Being a seminary president means you receive mail, and lots of it. Publications from every sector of life flood my office on a daily basis. I enjoy perusing many of these materials, especially those related to theological education. Usually, I am alternately amused and frightened by much of what I read, as each publication demonstrates how unbiblical much of contemporary theological education is in America today.
One such magazine especially caught my attention in recent months. The publication, entitled Mosaic, is the institutional magazine published by Louisville Presbyterian Theological Seminary. Institutional magazines such as this are typically little more than puff pieces, meant to update the school’s constituency on campus happenings, positive institutional developments, and to present the school’s mission and achievements in a winsome manner.
Against this backdrop, one of Mosaic’s featured stories from its fall 2012 edition stopped me in my tracks. The article, “Extending the Gift of Welcome to All: LPTS Student Maurice ‘Bojangles’ Blanchard Discovers his ‘True Colors,’” highlighted Blanchard’s alternative lifestyle and ministry pursuit.
Blanchard is a practicing homosexual and alternative lifestyle advocate in the Louisville, Ky. area. He was recently ordained to ministry by his church, Highland Baptist, a church that long ago abandoned affiliation with the SBC, the Kentucky Baptist Convention and the local, Long Run Association. Blanchard leads “True Colors” at his church, a ministry created to attract members of the homosexual community.
My interest intensified when I read Blanchard’s testimony regarding his perceived call to ministry and his ensuing pursuit of theological education. Blanchard reflected on his interaction with the seminary administration and community, noting, “I didn’t go there [Louisville Presbyterian Theological Seminary] looking for them to say ‘You’re gay and I affirm you. I wanted to go there and hear, ‘You’re in ministry, and I affirm that,’ and I felt that from day one.”
Embedded within Blanchard’s statement is a ruinous logic. At first reading, one might find Blanchard’s dichotomy between personal lifestyle and call to ministry acceptable and even appealing, especially in the modern milieu of subjective, autonomous spirituality. A closer look, however, reminds us that the New Testament does not proffer this option. To be called to ministry, one must possess a lifestyle that passes scriptural muster, for God’s Holy Spirit does not contradict God’s Holy Word, and vice versa.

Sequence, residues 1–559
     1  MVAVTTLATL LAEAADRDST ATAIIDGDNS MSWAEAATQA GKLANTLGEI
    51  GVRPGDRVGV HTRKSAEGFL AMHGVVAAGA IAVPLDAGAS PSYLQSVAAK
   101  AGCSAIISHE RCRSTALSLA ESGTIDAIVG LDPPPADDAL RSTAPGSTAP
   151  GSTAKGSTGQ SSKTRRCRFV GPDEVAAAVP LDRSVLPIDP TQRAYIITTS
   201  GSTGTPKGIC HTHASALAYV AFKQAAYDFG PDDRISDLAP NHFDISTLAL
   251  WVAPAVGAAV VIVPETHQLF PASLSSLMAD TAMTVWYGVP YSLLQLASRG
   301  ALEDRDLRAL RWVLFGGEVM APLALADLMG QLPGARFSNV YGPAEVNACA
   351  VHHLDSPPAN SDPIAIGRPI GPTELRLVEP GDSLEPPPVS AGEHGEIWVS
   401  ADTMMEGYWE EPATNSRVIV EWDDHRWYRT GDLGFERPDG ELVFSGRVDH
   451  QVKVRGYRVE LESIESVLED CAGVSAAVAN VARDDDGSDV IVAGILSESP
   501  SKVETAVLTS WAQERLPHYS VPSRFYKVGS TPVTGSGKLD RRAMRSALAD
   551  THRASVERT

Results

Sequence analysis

Indeed, I Timothy 3:1–7 and Titus 1:6–9 make clear that God’s standard for ministry is high. The threshold is high because the office is high. The office is high because we serve a high God who guards the glory of His name and His church.
The point is not so much that we sit in judgment of Blanchard, or anyone else pursuing ministry. Rather, the point is that the Word of God judges us all. Sadly, one need not look to non-evangelical entities to find confusion pertaining to the call to ministry. Evangelical churches often exhibit ambiguity and contradiction surrounding the call to ministry and the character marks that are to accompany it.
I Timothy 3:1–7 offers a clear and nonnegotiable list of character qualifications for the gospel ministry. This list is prescriptive, not descriptive; it is regulative, not suggestive. To be sure, in ministry it is helpful to be winsome and eloquent; furthermore, it never hurts to possess a magnetic personality. Yet, before one should look for these secondary—and tertiary—desires, one must first meet the qualifications of I Timothy 3.
What is more, the qualifications for ministry enumerated in I Timothy 3:1–7 do not simply represent a one-time threshold to cross. Rather, it is a lifestyle to be maintained, a character to be cultivated, and an ongoing accountability to God’s Word and God’s people. One’s call to ministry is inextricably linked to one’s biblical character. The two cannot—and must not—be decoupled.
One need not be perfect to be a minister, but one does have to be above reproach. Clearly, the point is not perfection. If that were the case, then a qualified seminary student—or seminary president—could not be found. The point is that God’s call to ministry on a person’s life corresponds with the affirmation of the people of God and the approbation of God’s Word. A church that rejects the scriptural qualifications for ministry doth not a biblical ordination make.
My heart harbors no ill feeling toward Mr. Blanchard. Rather my heart carries grief for him, his church, and those to whom he ministers. He is a sinner, as am I. I am, however, deeply grieved by the moral and ministerial confusion he exhibits.
The tragedy in the story of Mr. Blanchard is not that it is one more incremental step toward the full normalization of homosexuality in our culture. The tragedy is that an erstwhile minister, who lives in rebellion against God’s moral and ministerial standards, bears false witness about the nature of the church, the transformative power of the gospel, and the biblical expectation of ministers. In so doing, he tarnishes the glory of Christ. Whether it is by means of an aberrant lifestyle or the display of more acceptable and domesticated sins, any attempt to separate a call to ministry from godly character is a division that cannot be made. What God hath joined together, who are we to separate?
Yet Blanchard’s story is more than an article to be lamented; it is a sober reminder for all pursuing ministry. In the words of the Apostle Paul, “Pay attention to your life and to your doctrine, as you do you will ensure salvation for yourself and those who hear you.”topicsOther